Broadband Speed v Usage

l5foye

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I hope this is not a silly question. I use BT Internet as my provider. Recently I got an email warning me that I was coming near to my monthly usage limit.
I have a very slow broadband speed -on checking with BT, it says it is between 0.256 -2MB with estimated speed 1MB (?)
My question is - can a slow broadband speed result in greater usage? That is, if there is a slow download, does that mean there is an increase in usage?
I am surprised about the warning as I don't download videos or music and only use the net for general browsing and emailing.
 

renault12ts

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The opposite I would think. The amount you download is what determines cost. When speed is low, you download less in a given time.
 

John

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Yes, as said, it is how much you download that matters, the speed is irrelevant.

What can be confusing is the fact they give you download speeds in Mb and download limits in MB.

To the untrained eye, it is easy to confuse them.

So to explain, the first bit - the range of speeds is what people get connected to the same exchange as you. They will know the connection speed you get and others who are in a similar location to you - so estimate it closer to 1Mb - which is either what you get or somewhat close. Other factors can alter this dramatically.

The speed of the connection is usually measured in Mb/s or Mbps which is Megabits (to keep it simple - let's say 1000 bits of data) per second.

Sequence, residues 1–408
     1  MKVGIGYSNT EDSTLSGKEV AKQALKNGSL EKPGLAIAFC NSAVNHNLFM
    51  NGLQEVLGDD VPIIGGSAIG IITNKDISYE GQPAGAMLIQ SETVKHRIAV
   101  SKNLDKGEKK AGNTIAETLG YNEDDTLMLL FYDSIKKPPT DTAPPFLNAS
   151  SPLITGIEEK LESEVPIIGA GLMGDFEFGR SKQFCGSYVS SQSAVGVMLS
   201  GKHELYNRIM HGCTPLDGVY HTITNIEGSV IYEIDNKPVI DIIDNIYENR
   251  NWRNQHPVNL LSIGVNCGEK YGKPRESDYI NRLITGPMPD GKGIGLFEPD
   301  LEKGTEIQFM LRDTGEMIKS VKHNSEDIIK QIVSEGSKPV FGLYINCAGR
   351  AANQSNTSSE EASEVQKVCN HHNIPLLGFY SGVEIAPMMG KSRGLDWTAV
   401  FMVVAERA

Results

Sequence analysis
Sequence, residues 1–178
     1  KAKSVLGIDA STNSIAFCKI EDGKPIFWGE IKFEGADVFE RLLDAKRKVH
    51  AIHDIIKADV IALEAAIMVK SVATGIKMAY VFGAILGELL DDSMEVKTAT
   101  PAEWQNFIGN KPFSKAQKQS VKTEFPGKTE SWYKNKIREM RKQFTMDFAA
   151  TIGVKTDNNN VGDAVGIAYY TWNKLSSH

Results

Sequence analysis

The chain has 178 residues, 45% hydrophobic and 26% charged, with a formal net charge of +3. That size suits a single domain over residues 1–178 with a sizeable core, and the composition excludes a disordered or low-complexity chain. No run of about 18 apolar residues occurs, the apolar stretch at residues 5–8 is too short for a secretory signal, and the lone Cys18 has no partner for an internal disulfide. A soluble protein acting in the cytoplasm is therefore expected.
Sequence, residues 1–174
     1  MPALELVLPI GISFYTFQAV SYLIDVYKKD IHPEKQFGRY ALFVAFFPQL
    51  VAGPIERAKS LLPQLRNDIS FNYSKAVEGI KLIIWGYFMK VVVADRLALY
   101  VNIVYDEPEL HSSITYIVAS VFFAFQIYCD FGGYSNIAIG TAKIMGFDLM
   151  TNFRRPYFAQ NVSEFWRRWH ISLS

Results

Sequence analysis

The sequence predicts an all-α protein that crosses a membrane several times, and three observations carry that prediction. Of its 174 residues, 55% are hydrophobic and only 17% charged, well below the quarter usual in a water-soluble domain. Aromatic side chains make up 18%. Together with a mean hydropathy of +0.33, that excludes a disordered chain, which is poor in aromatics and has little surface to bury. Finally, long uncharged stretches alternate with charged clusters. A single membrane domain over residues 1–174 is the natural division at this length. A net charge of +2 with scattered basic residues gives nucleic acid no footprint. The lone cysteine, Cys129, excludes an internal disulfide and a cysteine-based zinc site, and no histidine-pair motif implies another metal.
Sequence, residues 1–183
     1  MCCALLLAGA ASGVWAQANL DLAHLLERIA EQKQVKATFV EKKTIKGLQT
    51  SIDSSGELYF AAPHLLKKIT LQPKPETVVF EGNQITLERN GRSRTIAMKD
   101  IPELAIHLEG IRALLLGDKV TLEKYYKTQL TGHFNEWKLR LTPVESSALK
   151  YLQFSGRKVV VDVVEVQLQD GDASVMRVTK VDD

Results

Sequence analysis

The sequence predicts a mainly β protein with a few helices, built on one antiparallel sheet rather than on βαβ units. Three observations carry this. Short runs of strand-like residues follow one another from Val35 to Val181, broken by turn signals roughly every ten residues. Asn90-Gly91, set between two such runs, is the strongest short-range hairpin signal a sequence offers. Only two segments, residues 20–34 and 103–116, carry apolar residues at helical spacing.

When you download on your 1Mb/s or 1Mbps connection, you are downloading up to that amount per second (subject to the speed of where you are downloading from).

Let's say you download the full amount per second, you are downloading (again, I'll make these a round figure to simplify as a MegaByte is actually 1,048,576 bits IIRC) 1000Mbps or 125MBps (or 125MB/s).

Notice it has become MB (MegaBytes)rather than Mb. This is because there are 8 bits in a Byte (b for bits B for Bytes).

Generally, the amount you can download is measured in MB.

You've not said what your limit is but if you have a monthly usage limit of 10GB, that is (for simplicity) 10,000MB.

If you are downloading at 125MB/s, it will take you 80 minutes to use up your allocation.

Now it is not as simple as that because webpages are made up of text and graphics etc. which all have varying sizes, but at 125MB/s, most web pages will download within a few seconds or so.

So because you are not downloading constantly at the full speed your connection can manage, this then means it takes longer to use up your 10GB.

However, the more sites you visit and the more you download, the more this adds up towards your 10GB.

Things like music and video and TV use more bandwidth for longer because they are greater in size than text or pictures. However, as you've said you are only browsing, this just means it will take longer to reach your limit.